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Standard vs. Non-Standard DUI Field Sobriety Tests

Jul 03, 2017 by Mike McKneely in DUI

Believe it or not, the sobriety tests you see cops give drivers in movies and TV shows are not always accurate. Inexperienced writers and directors have fictional police officers asking drivers to recite the alphabet backward or hop on one foot ten times. The cinematography makes these scenes look and feel official, but there are only certain field sobriety tests officers should be giving potential drunk drivers. Additionally, the National Highway Traffic Safety Administration (NHTSA) has only standardized three such tests for use by police.

If you are pulled over and given a test other than one of these three, then you should contact Michael McKneely, Criminal Defense Lawyer at (559) 443-7442 immediately. We will seek to have any charges based on non-standardized sobriety tests dropped. If prosecutors choose to move forward with DUI charges against you, we will work hard to make sure that evidence from non-standardized tests is not admitted to the court.

NHTSA Standard Field Sobriety Tests

There are only three standardized field sobriety tests:

  • The Horizontal Gaze Nystagmus (HGN): When people are sober, their eyes normally move from side-to-side smoothly and only exhibit a jerky motion at extreme angles. However, scientists have discovered that when people have been drinking alcohol, their eyes have jerkier movements. Horizontal gaze nystagmus is the name for this involuntary jerking of the eye. To look for this movement, officers will hold up a pen or small flashlight and have you follow it from side to side without moving your head. By asking you to track the object, officers can look for whether your eyes can follow the object smoothly, whether there is any distinct jerking, and whether your eye consistently jerks prior to being at a significant angle. If you exhibit at least four or more signs of HGN between your two eyes, then there is a high likelihood that your BAC is .08 percent or higher.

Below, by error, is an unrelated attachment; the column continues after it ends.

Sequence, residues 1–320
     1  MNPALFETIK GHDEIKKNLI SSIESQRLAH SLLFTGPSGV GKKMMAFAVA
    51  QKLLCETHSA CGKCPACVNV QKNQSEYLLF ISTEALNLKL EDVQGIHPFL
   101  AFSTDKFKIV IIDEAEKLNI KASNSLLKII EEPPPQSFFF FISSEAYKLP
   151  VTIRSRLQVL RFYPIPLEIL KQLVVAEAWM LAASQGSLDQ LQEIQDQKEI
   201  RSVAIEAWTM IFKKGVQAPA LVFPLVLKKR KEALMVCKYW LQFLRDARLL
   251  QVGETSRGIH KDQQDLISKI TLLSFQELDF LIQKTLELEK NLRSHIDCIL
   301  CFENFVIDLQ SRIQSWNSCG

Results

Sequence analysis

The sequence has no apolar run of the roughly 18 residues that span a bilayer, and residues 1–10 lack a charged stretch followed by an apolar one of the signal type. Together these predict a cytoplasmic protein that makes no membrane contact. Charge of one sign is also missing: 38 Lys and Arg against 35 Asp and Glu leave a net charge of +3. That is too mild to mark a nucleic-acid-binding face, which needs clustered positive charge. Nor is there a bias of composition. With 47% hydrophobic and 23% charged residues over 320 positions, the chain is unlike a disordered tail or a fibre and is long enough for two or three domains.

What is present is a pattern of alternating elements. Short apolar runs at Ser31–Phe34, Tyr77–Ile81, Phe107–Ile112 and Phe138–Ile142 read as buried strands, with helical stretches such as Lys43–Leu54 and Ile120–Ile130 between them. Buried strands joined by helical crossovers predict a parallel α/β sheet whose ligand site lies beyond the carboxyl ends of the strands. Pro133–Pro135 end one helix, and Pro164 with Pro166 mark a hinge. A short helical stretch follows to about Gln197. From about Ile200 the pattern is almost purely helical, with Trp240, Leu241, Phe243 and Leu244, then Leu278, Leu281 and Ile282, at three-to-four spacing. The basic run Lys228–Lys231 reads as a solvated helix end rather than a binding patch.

• The walk and turn: A police officer may want to observe your balance, coordination, and cognitive functioning, if they believe you have been drinking. They may ask you to walk nine steps, touching each heel to the other foot’s toes, in a straight line. At the end of the nine steps, you should turn on one foot and return in the same way. The officer will look to see if you can follow directions accurately and without prompting, whether you take the proper number of steps, whether you have to stop and start during the process, whether you lose your balance, whether you need to use your arms to balance, and other signs of inebriation. If you exhibit two or more indicators during this process, there is a probability that you are over the legal limit.
  • The one-leg stand: You may be asked to stand on one foot with the other approximately six inches off the ground and count out loud starting with one thousand until you are told to stop. The officer will be looking to see if you sway, use your arms to balance, hop to keep your balance or put your foot down. If you exhibit two or more of these behaviors, you are likely to have a high BAC.

Standardized Tests Are Not Perfect

While these three standardized field sobriety tests have been tested and found to be highly accurate in determining when a driver is over the legal limit, they are not perfect. These tests can lead to false positive results and an unwarranted arrest for DUI.

Some of the things that can go wrong and lead to your wrongful arrest include:

  • Police officers improperly administering or scoring the tests
  • Lawful prescription or over-the-counter medications impacting your eye movement and balance
  • A medical condition impacting your sight and eye movement
  • A medical condition affecting your balance
  • Your age and physical capabilities
  • Your footwear
  • The roadway or ground you are asked to walk or stand on
  • The environmental conditions, such as if it is raining or snowy

You Do Not Have to Consent to Field Sobriety Tests

You may have heard of California’s implied consent law. This law states you must submit to a warrantless breath or blood test or you will face suspension of your driving privilege. However, this law does not apply to field sobriety tests. If you are pulled over, an officer suspects you of drunk driving, and then asks you to perform one of more of these field sobriety tests, you have every right to say no. Politely tell the officer that you will not perform any field sobriety tests.

Were You Arrested for a DUI?

If you were given field sobriety tests and then arrested for a DUI, contact our Fresno criminal defense attorneys at Michael McKneely, Criminal Defense Lawyer right away. We will go over your experience moment by moment to determine whether you were given standardized or non-standardized tests. We will then investigate whether these tests were given and graded properly by the police. We will also thoroughly review the situation with you to determine all the reasons why the officers wrongfully identified you as inebriated.

Whatever your situation or previous driving record, we are here to help you mitigate the potential consequences of a DUI conviction. Call us today at (559) 443-7442 to learn more about defending against DUI charges.

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